Though some students could start learning remotely due to the coronavirus, the Illinois Department of Public Health issued a reminder Tuesday of the importance of receiving vaccinations for a variety of diseases.
IDPH reminded that vaccines help protect children from diseases such as chickenpox and pertussis, which remain common in the U.S.
Dr. Ngozi Ezike, director of IDPH, said the state's main focus continues to be on the coronavirus, but other health issues must be addressed.
“Vaccines are one of the safest and most effective methods to protect children from more than a dozen vaccine-preventable diseases," Ezike said. "Make sure your children are fully vaccinated so they can be as healthy as possible while facing the ongoing risk of COVID-19.”
IDPH announced the department is teaming up with the Illinois Chapter of American Academy of Pediatrics to promote a social media campaign aimed at raising awareness of the importance of vaccines and doctor's visits.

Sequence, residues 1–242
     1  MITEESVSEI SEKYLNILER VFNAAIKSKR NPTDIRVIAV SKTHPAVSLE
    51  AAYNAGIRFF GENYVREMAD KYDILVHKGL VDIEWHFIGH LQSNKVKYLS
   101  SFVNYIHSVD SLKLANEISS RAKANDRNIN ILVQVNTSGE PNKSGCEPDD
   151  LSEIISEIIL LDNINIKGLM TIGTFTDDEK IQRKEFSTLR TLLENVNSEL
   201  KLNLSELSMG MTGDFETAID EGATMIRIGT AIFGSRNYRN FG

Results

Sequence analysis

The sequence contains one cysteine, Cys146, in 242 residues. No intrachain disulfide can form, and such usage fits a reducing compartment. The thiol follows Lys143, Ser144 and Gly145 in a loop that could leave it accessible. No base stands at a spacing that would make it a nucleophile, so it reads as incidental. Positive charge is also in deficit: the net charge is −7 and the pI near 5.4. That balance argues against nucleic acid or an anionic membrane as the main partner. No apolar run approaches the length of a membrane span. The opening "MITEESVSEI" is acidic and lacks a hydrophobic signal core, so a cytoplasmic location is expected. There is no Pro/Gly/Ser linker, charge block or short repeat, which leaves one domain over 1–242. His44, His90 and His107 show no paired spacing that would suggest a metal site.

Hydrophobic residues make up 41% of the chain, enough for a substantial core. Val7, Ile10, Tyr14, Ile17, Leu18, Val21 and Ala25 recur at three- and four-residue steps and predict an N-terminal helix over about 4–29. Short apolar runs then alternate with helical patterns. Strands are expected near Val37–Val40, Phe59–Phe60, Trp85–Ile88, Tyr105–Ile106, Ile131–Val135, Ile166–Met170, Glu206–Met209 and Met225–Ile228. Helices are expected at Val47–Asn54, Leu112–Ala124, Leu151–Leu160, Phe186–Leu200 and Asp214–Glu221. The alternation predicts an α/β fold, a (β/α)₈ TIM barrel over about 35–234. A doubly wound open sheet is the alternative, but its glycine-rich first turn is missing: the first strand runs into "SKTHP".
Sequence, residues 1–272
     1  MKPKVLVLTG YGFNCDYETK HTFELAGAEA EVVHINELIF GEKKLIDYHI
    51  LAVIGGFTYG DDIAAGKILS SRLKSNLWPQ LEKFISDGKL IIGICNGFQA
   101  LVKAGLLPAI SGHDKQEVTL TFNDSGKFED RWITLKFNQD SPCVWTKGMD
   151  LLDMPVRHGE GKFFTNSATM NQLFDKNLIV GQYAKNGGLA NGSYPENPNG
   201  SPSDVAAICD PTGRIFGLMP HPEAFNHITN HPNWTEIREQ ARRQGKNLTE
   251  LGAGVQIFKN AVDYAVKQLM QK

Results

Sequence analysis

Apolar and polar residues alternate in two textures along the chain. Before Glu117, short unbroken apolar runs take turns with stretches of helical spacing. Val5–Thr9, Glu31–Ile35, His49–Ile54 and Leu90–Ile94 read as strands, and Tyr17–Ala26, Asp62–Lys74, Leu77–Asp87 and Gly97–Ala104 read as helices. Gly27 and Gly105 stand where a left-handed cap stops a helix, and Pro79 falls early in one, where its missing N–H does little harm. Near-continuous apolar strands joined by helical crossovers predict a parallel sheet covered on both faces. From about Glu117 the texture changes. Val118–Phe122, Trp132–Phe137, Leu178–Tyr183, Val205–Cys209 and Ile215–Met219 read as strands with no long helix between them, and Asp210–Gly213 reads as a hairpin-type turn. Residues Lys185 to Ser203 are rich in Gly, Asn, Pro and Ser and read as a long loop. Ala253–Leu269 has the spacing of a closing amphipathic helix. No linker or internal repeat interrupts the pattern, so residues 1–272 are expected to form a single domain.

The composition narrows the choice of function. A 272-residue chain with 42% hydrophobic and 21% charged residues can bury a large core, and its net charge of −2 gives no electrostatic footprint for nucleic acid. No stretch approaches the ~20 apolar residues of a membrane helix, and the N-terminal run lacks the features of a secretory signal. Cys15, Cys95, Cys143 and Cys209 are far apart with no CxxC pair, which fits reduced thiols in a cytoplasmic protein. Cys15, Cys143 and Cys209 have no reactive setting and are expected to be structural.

“Missing well-visits and vaccines place children at higher risk for more problems in the future," Mariana Glusman, previous president of Illinois APP, said. "Especially during the onset of COVID-19, vaccines are the best way to keep children protected and healthy."
IDPH reminded that immunization requirements for the upcoming school year remain the same as last year, as found on the department's website.
Though children typically receive their vaccinations prior to school starting, IDPH advised people of all ages to ensure they are up to date on immunizations.
Officials said adults should get a flu vaccine every year and a Td booster vaccine or Tdap immunization every 10 years. IDPH explained that 'Td' refers to tetanus and diphtheria, as 'Tdap' refers to tetanus, diphtheria and pertussis.
The Tdap vaccine is also recommended for pregnant women during each pregnancy, according to health officials.
IDPH reminded adults ages 50 and older to receive the shingles vaccine, and adults ages 65 and older to receive both pneumococcal vaccines one year apart.